The good news is that there is a unique opportunity at the Paris climate negotiations to create a turning point. Scientists assure us that limiting the rise in the global average temperature to less than 1.5 degrees Celsius is technologically and economically feasible. Phasing out fossil fuels and moving toward 100 percent renewable and clean energy will not only spur a global, low-carbon transformation, it will also help us to embark on a much-needed path of spiritual renewal. In addition to our spiritual progression, in line with UN recommendations, some of the most effective actions individuals can take are to protect our forests, move toward a plant-based diet, reduce consumption, recycle, switch to renewables, fly less, and take public transport. We can all make a difference.

We call on world leaders to recognize and address our universal responsibility to protect the web of life for the benefit of all, now and for the future.

For these reasons, we call on all Parties in Paris:

  • To be guided by the moral dimensions of climate change as indicated in Article 3 of the United Nations Framework Convention on Climate Change (UNFCCC).
  • To agree to phase out fossil fuels and move towards 100 percent renewables and clean energy.
  • To create the political will to close the emissions gap left by country climate pledges so as to ensure that the global temperature increase remains below 1.5 degrees Celsius, relative to pre-industrial levels.
  • To make a common commitment to increase finance above the US$100 billion agreed in Copenhagen in 2009, including through the Green Climate Fund (GCF), to help vulnerable developing countries prepare for climate impacts and transition towards a low-carbon economy.

The time to act is now.

Notes from Dharma Teachers Gathering June 2015

Notes taken by Dharmacharini Amala, adopted for Oslo Buddhistsenter by Gunaketu 2017..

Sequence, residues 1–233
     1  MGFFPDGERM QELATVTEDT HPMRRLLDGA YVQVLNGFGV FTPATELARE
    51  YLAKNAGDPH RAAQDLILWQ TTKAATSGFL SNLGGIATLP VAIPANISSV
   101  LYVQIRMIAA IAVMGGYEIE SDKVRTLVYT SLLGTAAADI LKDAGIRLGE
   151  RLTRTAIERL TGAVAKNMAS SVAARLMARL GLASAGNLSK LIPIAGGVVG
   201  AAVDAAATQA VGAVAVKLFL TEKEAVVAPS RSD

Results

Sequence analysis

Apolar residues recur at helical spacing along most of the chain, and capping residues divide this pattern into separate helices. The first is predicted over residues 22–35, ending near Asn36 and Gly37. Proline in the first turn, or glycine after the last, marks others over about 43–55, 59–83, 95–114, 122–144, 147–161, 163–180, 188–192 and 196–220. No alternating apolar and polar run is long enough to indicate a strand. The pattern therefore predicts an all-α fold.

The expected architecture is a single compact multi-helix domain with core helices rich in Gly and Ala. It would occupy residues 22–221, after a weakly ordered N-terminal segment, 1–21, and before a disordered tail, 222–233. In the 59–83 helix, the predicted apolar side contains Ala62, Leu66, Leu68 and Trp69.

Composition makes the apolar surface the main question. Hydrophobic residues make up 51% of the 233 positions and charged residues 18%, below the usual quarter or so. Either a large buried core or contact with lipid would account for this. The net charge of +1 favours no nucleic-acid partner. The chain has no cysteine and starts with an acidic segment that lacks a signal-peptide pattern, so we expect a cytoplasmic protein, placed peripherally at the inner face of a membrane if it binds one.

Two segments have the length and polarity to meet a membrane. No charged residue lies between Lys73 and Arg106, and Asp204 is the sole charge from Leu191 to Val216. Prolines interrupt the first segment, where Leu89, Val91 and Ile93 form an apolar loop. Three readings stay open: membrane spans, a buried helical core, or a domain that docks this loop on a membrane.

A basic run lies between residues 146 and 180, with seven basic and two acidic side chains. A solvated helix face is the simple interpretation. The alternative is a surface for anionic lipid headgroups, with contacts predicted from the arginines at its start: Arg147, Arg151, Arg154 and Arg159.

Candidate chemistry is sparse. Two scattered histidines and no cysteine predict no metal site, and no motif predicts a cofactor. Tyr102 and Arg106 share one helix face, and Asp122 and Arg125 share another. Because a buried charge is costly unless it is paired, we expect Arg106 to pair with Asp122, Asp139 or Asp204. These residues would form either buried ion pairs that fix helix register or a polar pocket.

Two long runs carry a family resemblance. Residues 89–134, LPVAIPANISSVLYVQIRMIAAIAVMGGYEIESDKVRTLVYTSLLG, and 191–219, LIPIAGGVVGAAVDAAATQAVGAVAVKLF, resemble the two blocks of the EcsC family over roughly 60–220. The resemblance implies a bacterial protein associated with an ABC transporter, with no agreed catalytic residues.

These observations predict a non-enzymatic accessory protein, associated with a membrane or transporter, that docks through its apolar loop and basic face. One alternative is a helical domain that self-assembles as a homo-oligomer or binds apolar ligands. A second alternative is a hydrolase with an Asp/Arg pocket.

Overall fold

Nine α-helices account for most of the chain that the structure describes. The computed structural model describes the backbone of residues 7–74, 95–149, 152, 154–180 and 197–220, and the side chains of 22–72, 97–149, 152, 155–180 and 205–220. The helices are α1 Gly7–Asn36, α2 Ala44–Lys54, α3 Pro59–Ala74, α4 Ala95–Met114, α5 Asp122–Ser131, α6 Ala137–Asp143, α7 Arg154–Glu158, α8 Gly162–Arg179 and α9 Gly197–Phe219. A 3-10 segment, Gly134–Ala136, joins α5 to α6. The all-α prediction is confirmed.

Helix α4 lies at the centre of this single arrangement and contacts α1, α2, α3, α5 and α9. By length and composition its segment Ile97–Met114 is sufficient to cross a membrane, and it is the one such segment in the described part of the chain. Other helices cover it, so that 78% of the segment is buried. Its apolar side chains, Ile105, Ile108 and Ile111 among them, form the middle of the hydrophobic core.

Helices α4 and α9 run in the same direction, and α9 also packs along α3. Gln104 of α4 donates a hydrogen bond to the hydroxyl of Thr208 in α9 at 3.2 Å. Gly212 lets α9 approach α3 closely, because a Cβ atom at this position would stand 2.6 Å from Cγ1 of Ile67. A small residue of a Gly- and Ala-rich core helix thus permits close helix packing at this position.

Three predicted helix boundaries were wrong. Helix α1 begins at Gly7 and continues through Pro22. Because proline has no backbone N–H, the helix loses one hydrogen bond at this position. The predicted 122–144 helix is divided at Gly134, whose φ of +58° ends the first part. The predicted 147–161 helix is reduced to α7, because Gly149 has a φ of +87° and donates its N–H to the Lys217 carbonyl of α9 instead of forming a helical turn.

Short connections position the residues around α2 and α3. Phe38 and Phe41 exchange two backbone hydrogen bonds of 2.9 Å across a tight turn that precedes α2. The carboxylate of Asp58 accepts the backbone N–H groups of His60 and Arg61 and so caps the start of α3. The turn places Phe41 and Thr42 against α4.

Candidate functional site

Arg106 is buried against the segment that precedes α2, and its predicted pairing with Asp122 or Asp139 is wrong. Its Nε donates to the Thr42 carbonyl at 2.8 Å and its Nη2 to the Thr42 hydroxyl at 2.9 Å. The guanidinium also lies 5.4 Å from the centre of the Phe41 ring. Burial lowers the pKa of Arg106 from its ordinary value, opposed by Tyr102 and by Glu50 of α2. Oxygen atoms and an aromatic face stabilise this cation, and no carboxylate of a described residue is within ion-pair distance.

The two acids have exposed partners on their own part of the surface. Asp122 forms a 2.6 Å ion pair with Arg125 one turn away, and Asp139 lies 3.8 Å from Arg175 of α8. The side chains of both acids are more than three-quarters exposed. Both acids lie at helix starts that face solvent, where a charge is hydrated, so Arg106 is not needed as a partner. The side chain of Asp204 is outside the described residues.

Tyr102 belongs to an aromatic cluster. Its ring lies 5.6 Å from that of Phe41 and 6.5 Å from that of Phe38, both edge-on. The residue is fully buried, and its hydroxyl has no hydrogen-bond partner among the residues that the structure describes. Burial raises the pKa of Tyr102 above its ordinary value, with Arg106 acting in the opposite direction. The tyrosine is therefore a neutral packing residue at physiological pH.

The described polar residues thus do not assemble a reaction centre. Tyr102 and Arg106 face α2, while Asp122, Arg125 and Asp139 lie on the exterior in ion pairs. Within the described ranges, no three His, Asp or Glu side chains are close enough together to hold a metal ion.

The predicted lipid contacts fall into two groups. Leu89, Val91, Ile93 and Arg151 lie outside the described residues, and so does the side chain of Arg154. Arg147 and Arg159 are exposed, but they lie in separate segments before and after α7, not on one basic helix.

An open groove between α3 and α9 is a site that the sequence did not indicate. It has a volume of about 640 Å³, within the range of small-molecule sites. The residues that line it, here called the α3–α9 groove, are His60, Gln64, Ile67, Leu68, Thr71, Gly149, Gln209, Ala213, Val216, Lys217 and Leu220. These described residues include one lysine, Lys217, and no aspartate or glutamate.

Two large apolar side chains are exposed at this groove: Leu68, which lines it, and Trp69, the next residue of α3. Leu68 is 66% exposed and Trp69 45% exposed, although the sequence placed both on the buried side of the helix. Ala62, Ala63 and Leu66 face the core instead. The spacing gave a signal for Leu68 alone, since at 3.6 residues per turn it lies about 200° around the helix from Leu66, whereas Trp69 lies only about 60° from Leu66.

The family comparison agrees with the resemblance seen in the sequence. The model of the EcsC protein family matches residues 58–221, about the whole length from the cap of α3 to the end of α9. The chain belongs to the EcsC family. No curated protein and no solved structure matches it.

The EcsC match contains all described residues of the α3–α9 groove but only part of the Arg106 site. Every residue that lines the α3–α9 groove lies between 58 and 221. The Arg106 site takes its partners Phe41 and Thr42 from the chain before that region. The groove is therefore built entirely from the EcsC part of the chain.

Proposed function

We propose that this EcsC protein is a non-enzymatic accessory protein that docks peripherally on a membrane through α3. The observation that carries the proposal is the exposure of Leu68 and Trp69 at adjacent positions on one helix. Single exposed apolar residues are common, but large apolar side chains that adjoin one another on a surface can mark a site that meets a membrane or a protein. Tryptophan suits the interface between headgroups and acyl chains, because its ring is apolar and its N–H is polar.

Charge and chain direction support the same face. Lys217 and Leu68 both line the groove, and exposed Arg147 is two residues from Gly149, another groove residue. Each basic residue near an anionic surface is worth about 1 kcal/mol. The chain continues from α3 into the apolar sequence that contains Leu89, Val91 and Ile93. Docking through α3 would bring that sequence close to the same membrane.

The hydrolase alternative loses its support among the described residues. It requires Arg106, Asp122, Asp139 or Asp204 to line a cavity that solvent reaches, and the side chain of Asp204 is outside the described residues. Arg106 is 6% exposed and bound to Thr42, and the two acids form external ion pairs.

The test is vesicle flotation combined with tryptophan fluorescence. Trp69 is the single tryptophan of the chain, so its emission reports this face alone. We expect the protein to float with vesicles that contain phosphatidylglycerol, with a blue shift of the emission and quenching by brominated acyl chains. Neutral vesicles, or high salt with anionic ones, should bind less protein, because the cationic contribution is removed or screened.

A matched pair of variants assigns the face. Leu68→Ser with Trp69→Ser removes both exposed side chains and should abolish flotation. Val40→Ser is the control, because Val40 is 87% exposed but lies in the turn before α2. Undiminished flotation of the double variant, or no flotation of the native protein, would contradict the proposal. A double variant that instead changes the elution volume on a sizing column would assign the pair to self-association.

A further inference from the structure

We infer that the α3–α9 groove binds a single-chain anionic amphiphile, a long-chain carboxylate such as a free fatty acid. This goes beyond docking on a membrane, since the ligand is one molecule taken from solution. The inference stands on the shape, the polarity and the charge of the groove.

Sessions on Climate Change. Presenters: David Loy, Deborah Eden Tull, Angel Kyodo Williams, Kritee Kritee, Rinaldo Brutoco

Questions to consider and things to reflect on:

What is wise action in the face of climate change?

What does the Dharma (Buddha’s teaching) uniquely have to offer?

Are we so focused on being ‘happy’ that we are not able to have the difficult conversations? (see the work of Joanna Macy http://www.joannamacy.net/ )

Is there some new expression or synthesis of Dharma and skillful action that needs to emerge?

The history of exploitation of peoples around the world (e.g. slavery), and the degradation of people leads to an entrenched attitude that makes it OK to also degrade the environment. (Angel Kyodo Williams)

What the Dharma has to offer most powerfully:


The Dharma is all about prajna jnana – the realization of wisdom

The Four Noble Truths – observation, cause, another way – truth-telling about suffering and not turning away from it

The Dharma offers a radical critique of the notion of separate self, and a distinction between need and greed.

The Dharma is about the teaching of conditionality and interconnectedness. The teaching leads to understanding of no separate self, thus individuals are then able to understand and act according to universal connectedness.

The Dharma teaches us how we can train the mind-heart , and develop our body and energy. There are the meditation on loving kindness (metta bhavana and lojong trainings) towards unselfishness.